A top Ukrainian official in South Korea said Friday that his country would seek Seoul’s help in boosting its cyber security capabilities to protect it from Russian attacks.
Russian forces fired missiles into the Ukrainian capital as they pushed their advance after launching an attack on Thursday, prompting Kiev’s appeal for more help from the international community.
Dmitry Ponomarenko, Ukraine’s ambassador to South Korea, said Russian government websites were under attack.
A global cybersecurity firm also said that a newly discovered piece of destructive software had spread to Ukraine and hit hundreds of computers, which was considered an intense wave of hacks targeting the country.
Ponomarenko praised South Korean President Moon Jae-in’s remarks that Ukraine’s sovereignty must be respected and supported a peaceful solution to the Seoul crisis, but hoped for additional assistance.
In a statement issued after a press conference in Seoul using South Korea’s official name, he said, “We are grateful that the Republic of Korea, being a highly developed high-tech country, will lend a hand in strengthening our cyber security capabilities.” .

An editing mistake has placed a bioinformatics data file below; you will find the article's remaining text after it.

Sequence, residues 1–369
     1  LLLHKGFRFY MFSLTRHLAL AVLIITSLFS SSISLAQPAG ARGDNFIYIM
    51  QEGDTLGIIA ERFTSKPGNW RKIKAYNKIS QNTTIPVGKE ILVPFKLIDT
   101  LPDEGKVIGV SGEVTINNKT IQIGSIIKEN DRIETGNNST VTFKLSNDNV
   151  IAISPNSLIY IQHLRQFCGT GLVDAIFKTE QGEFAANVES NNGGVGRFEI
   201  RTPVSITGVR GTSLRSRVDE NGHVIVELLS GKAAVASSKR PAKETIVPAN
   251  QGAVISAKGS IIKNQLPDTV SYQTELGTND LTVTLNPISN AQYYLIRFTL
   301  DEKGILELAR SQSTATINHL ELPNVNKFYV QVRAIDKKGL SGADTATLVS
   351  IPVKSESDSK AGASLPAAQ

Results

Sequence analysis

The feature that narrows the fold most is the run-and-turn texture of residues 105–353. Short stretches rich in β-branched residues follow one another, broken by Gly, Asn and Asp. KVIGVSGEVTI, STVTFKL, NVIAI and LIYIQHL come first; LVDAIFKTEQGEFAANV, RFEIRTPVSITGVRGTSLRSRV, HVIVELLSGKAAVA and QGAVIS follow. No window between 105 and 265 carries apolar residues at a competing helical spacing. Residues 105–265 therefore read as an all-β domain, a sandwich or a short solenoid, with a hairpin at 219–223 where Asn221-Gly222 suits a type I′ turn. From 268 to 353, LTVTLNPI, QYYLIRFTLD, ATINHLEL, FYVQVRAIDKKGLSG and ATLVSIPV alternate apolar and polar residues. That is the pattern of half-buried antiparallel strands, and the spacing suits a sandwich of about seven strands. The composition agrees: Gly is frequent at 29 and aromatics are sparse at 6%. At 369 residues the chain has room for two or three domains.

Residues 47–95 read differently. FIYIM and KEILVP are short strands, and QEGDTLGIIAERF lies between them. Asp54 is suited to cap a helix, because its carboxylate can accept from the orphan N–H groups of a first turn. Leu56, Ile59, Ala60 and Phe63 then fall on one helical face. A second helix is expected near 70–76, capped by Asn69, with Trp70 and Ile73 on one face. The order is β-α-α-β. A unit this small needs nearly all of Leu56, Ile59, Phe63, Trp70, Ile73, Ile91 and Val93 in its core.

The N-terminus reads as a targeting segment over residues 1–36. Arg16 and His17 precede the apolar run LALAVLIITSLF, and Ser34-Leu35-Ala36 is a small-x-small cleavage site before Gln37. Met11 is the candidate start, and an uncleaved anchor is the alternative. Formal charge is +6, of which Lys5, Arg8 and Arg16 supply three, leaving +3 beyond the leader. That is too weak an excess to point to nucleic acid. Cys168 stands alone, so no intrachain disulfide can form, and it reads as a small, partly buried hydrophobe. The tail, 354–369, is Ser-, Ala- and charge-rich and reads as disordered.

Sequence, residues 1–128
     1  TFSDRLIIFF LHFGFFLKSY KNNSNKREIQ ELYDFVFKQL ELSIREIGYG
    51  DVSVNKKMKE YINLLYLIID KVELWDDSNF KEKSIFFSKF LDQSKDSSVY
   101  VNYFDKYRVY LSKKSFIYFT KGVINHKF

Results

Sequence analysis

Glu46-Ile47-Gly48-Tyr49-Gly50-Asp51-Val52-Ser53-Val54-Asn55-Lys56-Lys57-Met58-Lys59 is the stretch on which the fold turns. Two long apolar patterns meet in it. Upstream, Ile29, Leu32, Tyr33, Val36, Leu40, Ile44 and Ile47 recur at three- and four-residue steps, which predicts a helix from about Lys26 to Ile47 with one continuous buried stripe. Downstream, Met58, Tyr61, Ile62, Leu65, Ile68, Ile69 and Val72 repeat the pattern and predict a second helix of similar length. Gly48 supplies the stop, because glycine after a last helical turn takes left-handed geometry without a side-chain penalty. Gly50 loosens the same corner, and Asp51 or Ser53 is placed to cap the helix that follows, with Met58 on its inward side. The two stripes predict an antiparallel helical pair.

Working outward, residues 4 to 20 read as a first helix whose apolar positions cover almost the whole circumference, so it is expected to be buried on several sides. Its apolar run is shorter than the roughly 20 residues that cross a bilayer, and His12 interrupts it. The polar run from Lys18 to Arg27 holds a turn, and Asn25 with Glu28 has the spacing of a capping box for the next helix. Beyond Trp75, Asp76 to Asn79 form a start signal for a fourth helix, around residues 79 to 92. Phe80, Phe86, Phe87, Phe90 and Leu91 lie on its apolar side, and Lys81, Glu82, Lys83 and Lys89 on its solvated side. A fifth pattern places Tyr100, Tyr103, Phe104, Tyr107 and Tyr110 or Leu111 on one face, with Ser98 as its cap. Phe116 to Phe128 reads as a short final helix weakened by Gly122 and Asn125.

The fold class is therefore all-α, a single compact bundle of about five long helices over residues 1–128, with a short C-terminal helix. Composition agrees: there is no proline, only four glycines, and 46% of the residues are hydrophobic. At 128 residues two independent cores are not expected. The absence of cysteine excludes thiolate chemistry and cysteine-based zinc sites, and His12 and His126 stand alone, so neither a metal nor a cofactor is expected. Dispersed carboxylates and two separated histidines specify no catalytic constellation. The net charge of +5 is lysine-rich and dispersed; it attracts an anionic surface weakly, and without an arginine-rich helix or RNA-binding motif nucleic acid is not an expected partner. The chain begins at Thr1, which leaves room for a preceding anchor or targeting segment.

Moon said South Korea would join the international community’s efforts to impose economic sanctions on Russia, but officials said they were not considering unilateral action.
A South Korean foreign ministry official said it would increase support for Ukraine, but did not immediately comment on possible cyber cooperation.
South Korea last year designated Ukraine as the main recipient of government development assistance and currently provides assistance in other areas such as education, health and public administration.
Ukraine accounts for only 0.1 percent of South Korea’s trade. Russia is South Korea’s main energy supplier and the 10th largest trading partner, with several large companies, including Samsung Electronics and Hyundai Motor-powered plants.
Ponomarenko called on the international community to show solidarity by imposing sanctions on Russia and providing Ukraine with financial, military and energy assistance, as well as humanitarian assistance.
“We have to work together and in a coordinated manner,” he told a news conference.